The remaining territories of pre-1948 Palestine, the West Bank – including East Jerusalem – and the Gaza Strip were administered from 1948 to 1967 by Jordan and Egypt, respectively.
Since June 1967, the West Bank – including East Jerusalem – and the Gaza Strip have comprised the Occupied Palestinian Territory.
There have been several international attempts at brokering peace in the Middle East, but none has succeeded. In September 1993, Israel and the PLO signed the Declaration of Principles on Palestinian Self-Rule, the first agreement between the two sides which became generally known as the Oslo Accords. Then PLO leader Yasser Arafat recognised Israel’s right to exist, renounced terrorism and agreed to change the portions of its charter that called for Israel’s destruction. Israel recognised the PLO as the sole representative of the Palestinian people.
Fast-forward 30 years – that accord is in tatters. The militant Hamas vehemently rejected the accord, as did current Israeli Prime Minister Benjamin Netanyahu, who with his far-right coalition has been the target of mass protests by Israelis for his attempts to weaken the independence of the judiciary and to dodge corruption charges.
Journalists at independent Israeli publications The Jerusalem Post and Haaretz have reported that Netanyahu was so opposed to Arafat’s Fatah and Palestinian Authority and a united Palestine that he actively supported Hamas.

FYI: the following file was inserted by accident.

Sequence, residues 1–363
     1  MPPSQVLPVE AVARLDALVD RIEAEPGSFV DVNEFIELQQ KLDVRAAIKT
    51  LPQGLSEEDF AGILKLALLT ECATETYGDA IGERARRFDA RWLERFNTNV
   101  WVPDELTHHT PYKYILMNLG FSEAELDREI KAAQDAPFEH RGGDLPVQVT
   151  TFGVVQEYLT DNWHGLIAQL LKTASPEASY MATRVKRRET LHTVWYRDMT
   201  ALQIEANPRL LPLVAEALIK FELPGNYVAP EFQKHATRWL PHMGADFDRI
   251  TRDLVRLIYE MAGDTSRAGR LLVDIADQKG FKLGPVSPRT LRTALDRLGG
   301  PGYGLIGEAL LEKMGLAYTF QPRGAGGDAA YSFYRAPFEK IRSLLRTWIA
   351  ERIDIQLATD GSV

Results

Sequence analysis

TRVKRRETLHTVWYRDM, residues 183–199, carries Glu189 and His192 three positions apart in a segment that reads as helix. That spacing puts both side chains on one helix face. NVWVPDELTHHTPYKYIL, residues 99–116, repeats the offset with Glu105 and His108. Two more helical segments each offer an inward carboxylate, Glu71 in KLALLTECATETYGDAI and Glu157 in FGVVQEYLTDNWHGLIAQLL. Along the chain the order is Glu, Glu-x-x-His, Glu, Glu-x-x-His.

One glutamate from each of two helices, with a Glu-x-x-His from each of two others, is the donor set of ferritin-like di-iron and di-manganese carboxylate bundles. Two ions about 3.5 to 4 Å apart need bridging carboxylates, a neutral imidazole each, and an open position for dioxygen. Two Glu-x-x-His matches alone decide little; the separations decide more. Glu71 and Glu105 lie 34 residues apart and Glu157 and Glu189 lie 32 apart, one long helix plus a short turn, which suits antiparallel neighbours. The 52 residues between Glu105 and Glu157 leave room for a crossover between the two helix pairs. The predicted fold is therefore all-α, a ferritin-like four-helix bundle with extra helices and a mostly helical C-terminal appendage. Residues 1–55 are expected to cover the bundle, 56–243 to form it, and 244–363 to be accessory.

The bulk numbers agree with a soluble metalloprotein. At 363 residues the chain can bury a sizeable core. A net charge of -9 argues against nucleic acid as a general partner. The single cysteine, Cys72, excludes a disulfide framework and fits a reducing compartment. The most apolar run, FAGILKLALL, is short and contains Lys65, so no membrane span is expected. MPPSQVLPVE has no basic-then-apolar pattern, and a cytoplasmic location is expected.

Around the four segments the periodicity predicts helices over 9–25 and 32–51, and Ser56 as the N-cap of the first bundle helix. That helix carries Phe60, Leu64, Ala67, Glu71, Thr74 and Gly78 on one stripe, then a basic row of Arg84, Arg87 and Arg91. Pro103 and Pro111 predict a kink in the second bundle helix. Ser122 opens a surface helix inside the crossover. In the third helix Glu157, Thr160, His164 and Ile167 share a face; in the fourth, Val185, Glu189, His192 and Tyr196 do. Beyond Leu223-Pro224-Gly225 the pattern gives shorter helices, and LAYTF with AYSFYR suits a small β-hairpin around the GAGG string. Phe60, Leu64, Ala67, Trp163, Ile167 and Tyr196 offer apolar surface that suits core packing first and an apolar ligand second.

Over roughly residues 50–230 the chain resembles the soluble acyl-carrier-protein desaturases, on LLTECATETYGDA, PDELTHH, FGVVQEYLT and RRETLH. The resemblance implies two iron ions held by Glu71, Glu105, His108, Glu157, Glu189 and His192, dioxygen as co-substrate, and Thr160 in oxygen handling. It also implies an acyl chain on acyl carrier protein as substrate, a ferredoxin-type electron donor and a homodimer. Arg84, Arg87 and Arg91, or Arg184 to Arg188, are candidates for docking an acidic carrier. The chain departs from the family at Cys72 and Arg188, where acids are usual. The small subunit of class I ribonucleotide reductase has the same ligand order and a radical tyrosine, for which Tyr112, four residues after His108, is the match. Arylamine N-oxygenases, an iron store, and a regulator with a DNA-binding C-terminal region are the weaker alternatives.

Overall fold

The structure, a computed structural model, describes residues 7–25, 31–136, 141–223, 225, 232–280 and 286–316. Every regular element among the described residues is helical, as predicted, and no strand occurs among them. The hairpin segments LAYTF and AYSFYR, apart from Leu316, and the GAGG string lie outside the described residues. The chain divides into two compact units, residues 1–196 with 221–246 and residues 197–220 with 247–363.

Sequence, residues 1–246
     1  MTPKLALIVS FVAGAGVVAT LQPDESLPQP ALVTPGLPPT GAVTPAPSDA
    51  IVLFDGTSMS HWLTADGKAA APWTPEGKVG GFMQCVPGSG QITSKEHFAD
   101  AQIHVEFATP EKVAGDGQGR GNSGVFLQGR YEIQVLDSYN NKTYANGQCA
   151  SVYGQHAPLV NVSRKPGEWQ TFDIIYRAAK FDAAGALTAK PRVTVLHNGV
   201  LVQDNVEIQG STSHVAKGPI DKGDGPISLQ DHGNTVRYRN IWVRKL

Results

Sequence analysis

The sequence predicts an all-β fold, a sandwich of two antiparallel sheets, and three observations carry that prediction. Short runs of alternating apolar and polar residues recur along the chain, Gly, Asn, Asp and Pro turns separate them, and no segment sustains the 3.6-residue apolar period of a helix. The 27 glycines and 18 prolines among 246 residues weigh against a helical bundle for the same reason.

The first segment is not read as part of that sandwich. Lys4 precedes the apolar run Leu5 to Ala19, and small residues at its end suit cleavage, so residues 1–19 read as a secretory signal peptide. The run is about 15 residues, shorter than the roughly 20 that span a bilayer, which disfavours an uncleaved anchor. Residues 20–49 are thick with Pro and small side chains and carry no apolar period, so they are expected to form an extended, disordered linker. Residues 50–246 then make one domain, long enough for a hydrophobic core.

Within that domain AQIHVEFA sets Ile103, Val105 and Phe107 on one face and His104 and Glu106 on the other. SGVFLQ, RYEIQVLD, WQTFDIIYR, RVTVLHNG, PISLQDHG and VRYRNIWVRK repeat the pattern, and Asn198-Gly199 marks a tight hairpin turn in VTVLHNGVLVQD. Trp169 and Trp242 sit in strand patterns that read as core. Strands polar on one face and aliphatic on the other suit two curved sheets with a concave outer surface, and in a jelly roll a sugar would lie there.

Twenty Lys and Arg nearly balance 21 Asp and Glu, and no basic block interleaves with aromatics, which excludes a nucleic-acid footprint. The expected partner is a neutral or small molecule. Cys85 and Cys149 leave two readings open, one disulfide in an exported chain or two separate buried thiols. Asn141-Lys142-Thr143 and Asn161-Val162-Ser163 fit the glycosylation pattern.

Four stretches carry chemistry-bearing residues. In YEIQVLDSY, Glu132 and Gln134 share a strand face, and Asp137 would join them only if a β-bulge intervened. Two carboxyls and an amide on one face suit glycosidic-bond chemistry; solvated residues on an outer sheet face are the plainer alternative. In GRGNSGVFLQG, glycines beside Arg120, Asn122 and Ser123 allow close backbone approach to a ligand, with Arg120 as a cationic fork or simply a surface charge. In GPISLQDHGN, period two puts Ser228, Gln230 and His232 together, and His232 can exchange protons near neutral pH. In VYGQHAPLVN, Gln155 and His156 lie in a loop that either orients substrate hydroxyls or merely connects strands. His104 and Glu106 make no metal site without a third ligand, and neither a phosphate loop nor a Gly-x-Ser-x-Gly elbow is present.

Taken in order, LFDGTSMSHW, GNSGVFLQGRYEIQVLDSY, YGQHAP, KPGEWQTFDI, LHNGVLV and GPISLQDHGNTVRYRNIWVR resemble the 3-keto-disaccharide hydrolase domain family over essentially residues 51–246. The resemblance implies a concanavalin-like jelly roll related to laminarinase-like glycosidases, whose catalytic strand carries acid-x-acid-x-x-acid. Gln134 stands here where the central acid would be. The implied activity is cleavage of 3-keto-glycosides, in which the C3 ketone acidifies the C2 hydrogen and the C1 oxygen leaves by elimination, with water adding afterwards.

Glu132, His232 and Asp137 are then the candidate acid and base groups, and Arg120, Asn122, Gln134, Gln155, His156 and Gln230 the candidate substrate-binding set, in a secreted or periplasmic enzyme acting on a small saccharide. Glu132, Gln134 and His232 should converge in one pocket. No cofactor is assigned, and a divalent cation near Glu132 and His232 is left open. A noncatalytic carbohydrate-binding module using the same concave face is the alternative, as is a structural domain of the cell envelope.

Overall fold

Writing in Haaretz this week, Dmitry Shumsky said: “… in 2009, that same Netanyahu developed and advanced a destructive, warped political doctrine that held that strengthening Hamas at the expense of the Palestinian Authority would be good for Israel.
“The purpose of the doctrine was to perpetuate the rift between Hamas in Gaza and the Palestinian Authority in the West Bank. That would preserve the diplomatic paralysis and forever remove the ‘danger’ of negotiations with the Palestinians over the partition of Israel into two states – on the argument that the Palestinian Authority doesn’t represent all the Palestinians.”
Mohammed Deif, the leader of the Izz ad-Din al-Qassam Brigades, the armed wing of Hamas, is believed to be the mastermind behind the military operation launched from the Gaza Strip that caught Israel off guard on 7 October.
His motive, according to a recorded speech captured by Al Jazeera, shows that the build-up of years of Israeli blockades, military occupation and disregard of Palestinians’ right to autonomy is the tinder that sparked the horrible violence unleashed last weekend:
“In light of the continuous crimes against our people, and in light of the occupation’s rampage, and its disregard for international laws and resolutions, and in light of the American and Western support [of Israel] and the international silence, we have decided to put an end to all of this, with the help of Allah, so that the enemy understands that the time that it could go on a rampage without being held accountable is over.”